Daniel
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Old   April 28, 2014, 12:22
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Quote:
Originally Posted by dancfd View Post
So if sigma from Menter 2003 is equivalent to alpha in OpenFOAM, which is equivalent to 1/sigma in Menter 2001, then how can it be explained that the equations for CD_kw, F1, as well as the last term in the omega equations, are the same in both papers, even though each contains a sigma term to the same power, but they have reciprocal values? The difference in the omega equation can be explained as an error in the Menter 2001 paper as explained by the OpenFOAM code, but if the equations for CD_kw and F1 are the same in both papers yet the constants are different, I do not see how they can be equivalent.

Perhaps there is an inconsistency between the two Menter papers and not with the OF code.

Daniel
Daniel,

I have pondered the same on these two terms before but dropped the issue some time back. It may just be an inconsistency between Menter's papers, as you say, but may be worth a try with reciprocated coefficients.
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Old   April 28, 2014, 19:05
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Hello Eric,

Thanks for your feedback. I looked through the code with a fine-toothed comb to try to convince myself that it matched one or the other of the references, and found some more differences:

F1:
- arg1 (OpenFOAM) = min(10, arg1(Menter)); why was this done?
- Within arg1, OpenFOAM removed the rho from the numerator and from the CD_kw expression, which is fine if CD_kw < 1e-10; if not, CD_kw = 1e-10 and then the rho does not cancel, making the OF expression = Menter * 1/rho (and therefore a units mismatch).

F2:
- arg2 (OpenFOAM) = min(100, arg2(Menter)); why was this done?

kEqn, omegaEqn:
- Not clear what the influence is of the Su term on the LHS
- Pk appears to be related to the SuSp and rhoGammaF1*GbyMu or min(G...) terms, but I am not certain.

Any ideas why these changes were made to the model?

Thanks,

Daniel
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Old   April 28, 2014, 23:07
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Quote:
Originally Posted by dancfd View Post
Hello Eric,

Thanks for your feedback. I looked through the code with a fine-toothed comb to try to convince myself that it matched one or the other of the references, and found some more differences:

F1:
- arg1 (OpenFOAM) = min(10, arg1(Menter)); why was this done?
- Within arg1, OpenFOAM removed the rho from the numerator and from the CD_kw expression, which is fine if CD_kw < 1e-10; if not, CD_kw = 1e-10 and then the rho does not cancel, making the OF expression = Menter * 1/rho (and therefore a units mismatch).

F2:
- arg2 (OpenFOAM) = min(100, arg2(Menter)); why was this done?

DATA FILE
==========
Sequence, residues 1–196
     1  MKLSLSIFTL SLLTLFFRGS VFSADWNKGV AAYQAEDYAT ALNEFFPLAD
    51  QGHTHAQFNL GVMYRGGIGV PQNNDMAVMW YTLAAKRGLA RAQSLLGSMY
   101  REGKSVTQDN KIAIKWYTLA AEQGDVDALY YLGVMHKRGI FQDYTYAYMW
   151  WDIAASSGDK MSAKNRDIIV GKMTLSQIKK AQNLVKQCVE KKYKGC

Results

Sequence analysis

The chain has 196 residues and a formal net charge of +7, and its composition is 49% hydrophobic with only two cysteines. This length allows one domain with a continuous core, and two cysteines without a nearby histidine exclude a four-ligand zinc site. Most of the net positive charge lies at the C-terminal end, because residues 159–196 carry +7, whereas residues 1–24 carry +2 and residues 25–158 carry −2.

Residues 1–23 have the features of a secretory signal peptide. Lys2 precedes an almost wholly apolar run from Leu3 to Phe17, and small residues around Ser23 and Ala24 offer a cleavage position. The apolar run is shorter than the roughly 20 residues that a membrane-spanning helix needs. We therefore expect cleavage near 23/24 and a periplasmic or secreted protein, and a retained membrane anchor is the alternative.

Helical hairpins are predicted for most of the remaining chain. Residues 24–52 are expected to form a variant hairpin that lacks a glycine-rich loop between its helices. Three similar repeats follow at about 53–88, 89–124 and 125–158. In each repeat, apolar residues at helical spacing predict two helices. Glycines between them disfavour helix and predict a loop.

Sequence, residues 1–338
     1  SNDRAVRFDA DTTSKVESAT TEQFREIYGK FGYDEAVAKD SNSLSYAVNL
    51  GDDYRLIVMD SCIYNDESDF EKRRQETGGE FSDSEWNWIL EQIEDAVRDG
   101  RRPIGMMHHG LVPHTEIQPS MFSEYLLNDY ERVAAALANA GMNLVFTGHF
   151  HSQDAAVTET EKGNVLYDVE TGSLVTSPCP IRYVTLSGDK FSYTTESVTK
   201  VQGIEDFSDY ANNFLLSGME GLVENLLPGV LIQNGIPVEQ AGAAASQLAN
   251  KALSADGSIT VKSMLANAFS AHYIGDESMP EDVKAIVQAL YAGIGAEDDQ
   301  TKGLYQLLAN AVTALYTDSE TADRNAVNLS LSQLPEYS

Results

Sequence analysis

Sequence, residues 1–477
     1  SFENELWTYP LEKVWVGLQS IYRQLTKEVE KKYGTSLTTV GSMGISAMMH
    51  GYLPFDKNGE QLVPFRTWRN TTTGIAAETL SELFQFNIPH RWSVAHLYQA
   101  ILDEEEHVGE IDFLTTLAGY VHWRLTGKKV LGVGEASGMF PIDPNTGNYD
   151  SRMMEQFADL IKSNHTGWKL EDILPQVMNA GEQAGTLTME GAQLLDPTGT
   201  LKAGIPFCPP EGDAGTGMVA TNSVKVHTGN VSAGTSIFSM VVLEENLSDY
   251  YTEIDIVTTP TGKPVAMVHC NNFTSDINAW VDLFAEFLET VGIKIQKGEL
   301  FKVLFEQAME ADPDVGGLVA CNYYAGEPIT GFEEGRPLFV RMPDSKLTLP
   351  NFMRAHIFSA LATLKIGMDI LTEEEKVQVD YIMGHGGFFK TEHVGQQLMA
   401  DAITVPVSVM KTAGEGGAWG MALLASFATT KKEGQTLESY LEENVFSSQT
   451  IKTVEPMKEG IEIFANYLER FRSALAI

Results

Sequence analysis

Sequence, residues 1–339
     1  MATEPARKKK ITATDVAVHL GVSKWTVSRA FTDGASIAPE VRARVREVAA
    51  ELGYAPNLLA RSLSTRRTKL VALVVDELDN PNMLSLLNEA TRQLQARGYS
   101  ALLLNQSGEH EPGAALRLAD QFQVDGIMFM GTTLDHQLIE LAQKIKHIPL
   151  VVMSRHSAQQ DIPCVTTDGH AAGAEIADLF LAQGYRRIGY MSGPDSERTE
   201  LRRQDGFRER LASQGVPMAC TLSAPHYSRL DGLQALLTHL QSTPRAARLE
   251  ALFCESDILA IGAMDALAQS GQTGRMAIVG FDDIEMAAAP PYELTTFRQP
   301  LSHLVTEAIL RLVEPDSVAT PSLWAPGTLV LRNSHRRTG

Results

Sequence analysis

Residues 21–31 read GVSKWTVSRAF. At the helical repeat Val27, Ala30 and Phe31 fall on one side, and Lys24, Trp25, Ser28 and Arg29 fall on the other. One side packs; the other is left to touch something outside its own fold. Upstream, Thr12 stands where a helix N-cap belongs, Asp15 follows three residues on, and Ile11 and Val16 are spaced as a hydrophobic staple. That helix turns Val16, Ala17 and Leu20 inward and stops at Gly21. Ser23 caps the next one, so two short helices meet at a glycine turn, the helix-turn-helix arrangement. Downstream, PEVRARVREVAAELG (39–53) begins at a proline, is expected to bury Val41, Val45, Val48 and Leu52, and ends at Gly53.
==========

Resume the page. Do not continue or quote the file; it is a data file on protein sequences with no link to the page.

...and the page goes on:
kEqn, omegaEqn:
- Not clear what the influence is of the Su term on the LHS
- Pk appears to be related to the SuSp and rhoGammaF1*GbyMu or min(G...) terms, but I am not certain.

Any ideas why these changes were made to the model?

Thanks,

Daniel
The limiting implementations for both F1 and F2 are likely just numerical tools.

I.E., values for F2 very near the wall can get very large, depending on your first cell height (especially thanks to the y^2 value in the denominator). So, adding a ceiling of scalar(100) to this term prevents this (and, I'm assuming, any funny stuff that might happen near the wall when calculating the eddy viscosity).

If you can imagine, since nut is calculated as:

Code:
nut_ = a1_*k_/max(a1_*omega_, F2()*sqrt(S2));
The term

Code:
max(a1_*omega_, F2()*sqrt(S2))
could be dominated by F2, which, without the limiter, might be on the order of 10^20 or more (again, depending on first cell height). That would give very insignificant values of eddy viscosity everywhere in your domain, which would render the model as a whole useless to the solver. The ceiling of 100 may either have been arbitrarily chosen by the programmers, or purely a result of trial-and-error.

Quote:
- Within arg1, OpenFOAM removed the rho from the numerator and from the CD_kw expression, which is fine if CD_kw < 1e-10; if not, CD_kw = 1e-10 and then the rho does not cancel, making the OF expression = Menter * 1/rho (and therefore a units mismatch).
I am not sure about this one- will take another look and comment, if I can. I will also try to comment on your other observation.
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Old   April 29, 2014, 09:27
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An edit to that post. The tanh makes the large F2 irrelevant, but there is no point in storing so many digits I suppose. Hence the limit.
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Old   December 15, 2014, 05:05
Default Menter's papers
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Good morning,
I'm a PhD student working on heat transfer problems, and it would be very useful for me having a copy of Menter's papers. In particular i'm looking for:

-Menter, F., Esch, T.: "Elements of Industrial Heat Transfer Prediction". 16th Brazilian Congress of Mechanical Engineering (COBEM),Nov. 2001

-Grotjans, H. and Menter, F. "Wall functions for general CFD codes". In Proc. of 4th European Comp. Fluid Dynamics conference, Athens, Greece, 1998, pp. 1112-1117

-"Heat Transfer Predictions based on Two-Equation Turbulence Models with Advanced Wall Treatment" T.Esch and F.R. Menter - Turbulence, Heat and Mass Transfer 4

This is my e-mail address: fabio.berni@unimore.it
Thank you in advance for the help
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Old   January 22, 2015, 00:48
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Could someone provide me with the following paper?
"Elements of Industrial Heat Transfer Prediction" 16th Brazilian Congress of Mechanical Engineering (COBEM), Nov. 2001

e-mail is: shimizu.shunsuke@gmail.com

Thanks in advance.
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Old   January 22, 2015, 04:48
Default Final version Online
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Dear all,

the paper together with many other papers can be found in the following link. The paper belongs to the invited lectures

http://www.abcm.org.br/pt/wp-content.../2001/home.htm

Please post further comments when the link becomes dead.